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Author Topic: Getting back in to the hobby  (Read 2072 times)

Posts: 21

« on: August 13, 2013, 07:53:11 AM »

I hav been of the air fo a few years now due to my pesonal and business life taking all the spare time I had. Now things have settled sown and I have two little boys soein interest in radios. I need to set up a station again and get geared up. I am now living in the city while I was in the country before. I am sure that will impact the type and size of antenna that I can use. Last time I was looking at radios, it seemed that the kenwood ts-2000 was pretty much the best do all option out there, has that changed? What would you recomend I start with to rebuild my station? I am pobably going to use a g5rv to start with and maybe build a j-pole for two meter. I am an extra class and operate all modes including cw, though my cw skills are probably seriously lacking at the moment.

Posts: 6740

« Reply #1 on: August 13, 2013, 09:32:39 AM »

KFP:  Welcome back!  And, I wish you the best of luck with setting up 
and operating in a very different environment.

As for your choice in transceiver OM, only you can determine that.  Personally, any modern transceiver would be a blessing to me, considering that my rig is over 30 years old.

May I suggest?  Determine how much money you're comfortable with spending, and then choose what is available from the "Big 3" and then do a comparison.  Make a brief list of what you need or want in a rig and then look for those features within the list.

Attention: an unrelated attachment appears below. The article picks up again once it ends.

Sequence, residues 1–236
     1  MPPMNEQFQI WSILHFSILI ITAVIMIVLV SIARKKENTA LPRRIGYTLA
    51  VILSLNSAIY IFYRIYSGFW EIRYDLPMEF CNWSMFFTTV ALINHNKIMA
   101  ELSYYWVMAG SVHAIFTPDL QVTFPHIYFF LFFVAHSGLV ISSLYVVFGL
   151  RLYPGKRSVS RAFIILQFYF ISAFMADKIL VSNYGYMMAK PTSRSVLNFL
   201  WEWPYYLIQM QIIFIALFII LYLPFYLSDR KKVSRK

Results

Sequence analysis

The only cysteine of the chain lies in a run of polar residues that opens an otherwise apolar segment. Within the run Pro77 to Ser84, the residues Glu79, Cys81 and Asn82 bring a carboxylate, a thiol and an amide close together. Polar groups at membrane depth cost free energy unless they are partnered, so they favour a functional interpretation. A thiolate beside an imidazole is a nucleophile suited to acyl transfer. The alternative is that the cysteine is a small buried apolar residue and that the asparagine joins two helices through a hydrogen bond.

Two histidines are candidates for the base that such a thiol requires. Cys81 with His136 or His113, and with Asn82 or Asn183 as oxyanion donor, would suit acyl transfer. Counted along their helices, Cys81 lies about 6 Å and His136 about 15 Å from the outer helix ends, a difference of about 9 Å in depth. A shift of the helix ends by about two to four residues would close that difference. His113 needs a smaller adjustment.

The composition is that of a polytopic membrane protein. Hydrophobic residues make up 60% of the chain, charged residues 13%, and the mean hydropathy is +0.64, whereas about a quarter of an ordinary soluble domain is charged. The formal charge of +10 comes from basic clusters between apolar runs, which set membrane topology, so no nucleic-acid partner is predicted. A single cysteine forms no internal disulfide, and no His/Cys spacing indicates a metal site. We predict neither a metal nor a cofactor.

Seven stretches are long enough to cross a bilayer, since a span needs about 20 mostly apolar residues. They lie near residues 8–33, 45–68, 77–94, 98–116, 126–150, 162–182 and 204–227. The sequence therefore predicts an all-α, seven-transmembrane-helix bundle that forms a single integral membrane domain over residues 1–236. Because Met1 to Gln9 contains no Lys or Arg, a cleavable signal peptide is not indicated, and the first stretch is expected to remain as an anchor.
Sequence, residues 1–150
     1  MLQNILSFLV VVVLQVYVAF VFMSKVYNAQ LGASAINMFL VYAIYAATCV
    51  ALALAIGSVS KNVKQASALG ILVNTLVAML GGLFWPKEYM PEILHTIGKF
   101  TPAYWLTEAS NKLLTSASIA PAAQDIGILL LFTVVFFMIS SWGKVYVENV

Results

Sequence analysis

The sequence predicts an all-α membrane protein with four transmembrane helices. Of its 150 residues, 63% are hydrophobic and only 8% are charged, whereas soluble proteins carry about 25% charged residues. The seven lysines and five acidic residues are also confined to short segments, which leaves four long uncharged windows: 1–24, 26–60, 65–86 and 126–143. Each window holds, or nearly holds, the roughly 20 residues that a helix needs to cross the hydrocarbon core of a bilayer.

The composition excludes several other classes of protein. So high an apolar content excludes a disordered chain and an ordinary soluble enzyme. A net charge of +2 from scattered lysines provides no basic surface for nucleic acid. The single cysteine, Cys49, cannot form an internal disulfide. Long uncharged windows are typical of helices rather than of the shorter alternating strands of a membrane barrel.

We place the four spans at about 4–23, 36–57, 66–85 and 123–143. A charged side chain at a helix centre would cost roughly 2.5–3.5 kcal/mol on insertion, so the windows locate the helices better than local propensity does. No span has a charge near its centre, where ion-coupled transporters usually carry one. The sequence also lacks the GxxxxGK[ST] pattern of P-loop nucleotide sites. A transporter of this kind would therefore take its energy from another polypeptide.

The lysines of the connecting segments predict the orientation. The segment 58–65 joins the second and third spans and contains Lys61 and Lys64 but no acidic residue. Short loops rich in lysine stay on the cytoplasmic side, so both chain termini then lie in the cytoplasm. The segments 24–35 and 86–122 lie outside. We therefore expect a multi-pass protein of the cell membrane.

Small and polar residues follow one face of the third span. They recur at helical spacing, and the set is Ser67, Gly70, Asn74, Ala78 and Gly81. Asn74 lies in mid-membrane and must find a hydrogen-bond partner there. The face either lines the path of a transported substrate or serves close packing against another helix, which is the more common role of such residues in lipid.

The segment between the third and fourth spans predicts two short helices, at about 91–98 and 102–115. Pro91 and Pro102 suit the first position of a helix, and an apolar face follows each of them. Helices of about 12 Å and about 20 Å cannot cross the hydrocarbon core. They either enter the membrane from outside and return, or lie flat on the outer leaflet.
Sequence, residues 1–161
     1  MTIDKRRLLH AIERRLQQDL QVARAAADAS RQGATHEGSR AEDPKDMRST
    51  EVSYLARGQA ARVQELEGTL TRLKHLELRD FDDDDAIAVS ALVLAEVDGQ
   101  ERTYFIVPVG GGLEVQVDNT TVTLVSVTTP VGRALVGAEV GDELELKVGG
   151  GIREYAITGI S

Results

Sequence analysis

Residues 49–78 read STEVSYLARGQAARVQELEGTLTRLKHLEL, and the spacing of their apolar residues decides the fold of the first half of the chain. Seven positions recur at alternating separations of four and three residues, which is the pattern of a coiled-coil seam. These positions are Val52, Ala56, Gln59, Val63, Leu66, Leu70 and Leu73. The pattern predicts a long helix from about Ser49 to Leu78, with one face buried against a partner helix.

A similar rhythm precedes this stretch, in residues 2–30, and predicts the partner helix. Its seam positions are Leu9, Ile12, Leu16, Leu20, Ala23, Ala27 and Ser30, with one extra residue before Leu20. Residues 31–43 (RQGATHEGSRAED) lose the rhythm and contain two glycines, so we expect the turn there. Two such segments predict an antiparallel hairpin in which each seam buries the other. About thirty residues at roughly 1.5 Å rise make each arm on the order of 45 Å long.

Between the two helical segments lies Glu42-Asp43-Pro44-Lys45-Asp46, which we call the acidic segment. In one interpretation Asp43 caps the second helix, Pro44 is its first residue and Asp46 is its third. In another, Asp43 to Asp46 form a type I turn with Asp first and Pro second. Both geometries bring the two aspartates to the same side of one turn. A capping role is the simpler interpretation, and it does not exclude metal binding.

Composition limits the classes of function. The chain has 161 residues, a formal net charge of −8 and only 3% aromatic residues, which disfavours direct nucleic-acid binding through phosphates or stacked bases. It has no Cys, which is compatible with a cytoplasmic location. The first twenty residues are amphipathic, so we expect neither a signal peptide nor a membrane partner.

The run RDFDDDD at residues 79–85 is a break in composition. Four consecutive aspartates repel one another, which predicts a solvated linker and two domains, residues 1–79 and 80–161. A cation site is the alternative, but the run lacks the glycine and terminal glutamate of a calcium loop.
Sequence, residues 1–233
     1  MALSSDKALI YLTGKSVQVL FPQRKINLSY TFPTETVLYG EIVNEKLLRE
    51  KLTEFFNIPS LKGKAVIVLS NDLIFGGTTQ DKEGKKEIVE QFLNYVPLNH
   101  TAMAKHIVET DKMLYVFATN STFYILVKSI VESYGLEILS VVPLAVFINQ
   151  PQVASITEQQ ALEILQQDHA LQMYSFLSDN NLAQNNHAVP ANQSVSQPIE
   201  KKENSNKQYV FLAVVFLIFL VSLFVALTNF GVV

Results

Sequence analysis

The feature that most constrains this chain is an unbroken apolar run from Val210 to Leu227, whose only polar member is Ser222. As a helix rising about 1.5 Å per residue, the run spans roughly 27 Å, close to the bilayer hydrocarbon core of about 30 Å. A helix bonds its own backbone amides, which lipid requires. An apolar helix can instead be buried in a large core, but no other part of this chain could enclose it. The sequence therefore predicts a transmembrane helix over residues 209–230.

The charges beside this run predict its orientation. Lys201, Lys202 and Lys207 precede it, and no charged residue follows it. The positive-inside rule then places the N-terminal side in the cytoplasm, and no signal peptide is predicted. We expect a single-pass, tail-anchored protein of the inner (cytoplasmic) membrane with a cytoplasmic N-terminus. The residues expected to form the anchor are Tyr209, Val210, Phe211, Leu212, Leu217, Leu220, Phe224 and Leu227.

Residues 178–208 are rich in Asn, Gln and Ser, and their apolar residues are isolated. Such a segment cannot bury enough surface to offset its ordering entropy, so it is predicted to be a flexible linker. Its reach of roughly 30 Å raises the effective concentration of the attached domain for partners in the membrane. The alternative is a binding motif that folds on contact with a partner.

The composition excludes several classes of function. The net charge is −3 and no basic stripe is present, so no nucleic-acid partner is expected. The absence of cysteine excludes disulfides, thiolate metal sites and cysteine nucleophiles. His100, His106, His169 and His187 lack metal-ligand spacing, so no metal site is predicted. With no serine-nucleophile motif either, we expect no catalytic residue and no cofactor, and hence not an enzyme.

I know this is over simplistic but this will eventually be what you're going to do.  If you simply listen and buy according to who is the most emphatic about their own rig, you'll no doubt regret it.

The answers you get here will be nothing but opinions of what each OP likes.  However, do pay attention to WHY they like their rigs which might give you something to add to the "features" list.


A Pessimist is Never Disappointed!

Posts: 5688

« Reply #2 on: August 13, 2013, 09:35:46 AM »

You should enjoy the fun of perusing catalogs, the internet, forums, reviews etc. and find out what features are interesting to you, what brands, what models, and by all means don't neglect the used market as well.  

And by all means you should share the fun and excitement of picking out a rig with those youngsters.  Order up some of the paper catalogs to be sent by snail mail, share the experience with them, the pictures and listings in there may spark more interest in the kids than you might think if you sit down with them some afternoon and introduce them to the fine art of catalog wishing...

(And - there is so much effortless learning that happens that way!)

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